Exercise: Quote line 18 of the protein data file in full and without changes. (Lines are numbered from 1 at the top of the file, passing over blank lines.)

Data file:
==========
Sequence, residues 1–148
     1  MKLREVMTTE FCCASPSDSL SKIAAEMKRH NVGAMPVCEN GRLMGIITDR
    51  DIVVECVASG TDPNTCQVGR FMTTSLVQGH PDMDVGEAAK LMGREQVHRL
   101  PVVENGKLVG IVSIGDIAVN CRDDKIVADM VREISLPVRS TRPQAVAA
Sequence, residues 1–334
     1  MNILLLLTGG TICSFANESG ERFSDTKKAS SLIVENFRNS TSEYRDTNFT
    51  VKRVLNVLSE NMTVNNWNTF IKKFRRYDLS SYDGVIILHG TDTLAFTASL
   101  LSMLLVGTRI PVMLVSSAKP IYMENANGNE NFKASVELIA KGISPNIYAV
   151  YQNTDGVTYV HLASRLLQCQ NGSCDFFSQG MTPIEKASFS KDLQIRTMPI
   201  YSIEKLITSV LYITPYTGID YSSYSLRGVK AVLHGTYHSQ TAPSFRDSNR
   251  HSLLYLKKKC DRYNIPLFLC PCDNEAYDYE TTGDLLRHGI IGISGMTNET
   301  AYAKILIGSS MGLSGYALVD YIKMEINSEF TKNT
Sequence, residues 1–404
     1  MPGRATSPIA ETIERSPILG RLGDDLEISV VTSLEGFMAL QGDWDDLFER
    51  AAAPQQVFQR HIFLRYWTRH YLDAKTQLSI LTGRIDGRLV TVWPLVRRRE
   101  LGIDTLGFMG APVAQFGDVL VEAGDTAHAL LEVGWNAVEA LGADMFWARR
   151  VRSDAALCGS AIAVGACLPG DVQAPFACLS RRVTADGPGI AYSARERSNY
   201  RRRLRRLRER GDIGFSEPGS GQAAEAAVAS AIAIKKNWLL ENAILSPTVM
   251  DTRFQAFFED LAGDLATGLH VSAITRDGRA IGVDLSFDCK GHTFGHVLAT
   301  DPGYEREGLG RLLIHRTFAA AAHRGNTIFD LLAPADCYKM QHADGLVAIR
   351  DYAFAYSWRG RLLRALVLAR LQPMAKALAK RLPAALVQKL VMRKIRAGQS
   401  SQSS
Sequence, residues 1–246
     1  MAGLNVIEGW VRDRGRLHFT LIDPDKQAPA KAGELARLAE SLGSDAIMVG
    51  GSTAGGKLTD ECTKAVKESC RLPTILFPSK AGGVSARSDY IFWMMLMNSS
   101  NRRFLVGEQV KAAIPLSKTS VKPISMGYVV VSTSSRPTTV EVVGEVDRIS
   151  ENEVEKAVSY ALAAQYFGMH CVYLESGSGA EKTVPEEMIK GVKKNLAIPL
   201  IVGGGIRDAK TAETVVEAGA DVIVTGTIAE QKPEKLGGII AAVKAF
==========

   201  RRRLRRLRER GDIGFSEPGS GQAAEAAVAS AIAIKKNWLL ENAILSPTVM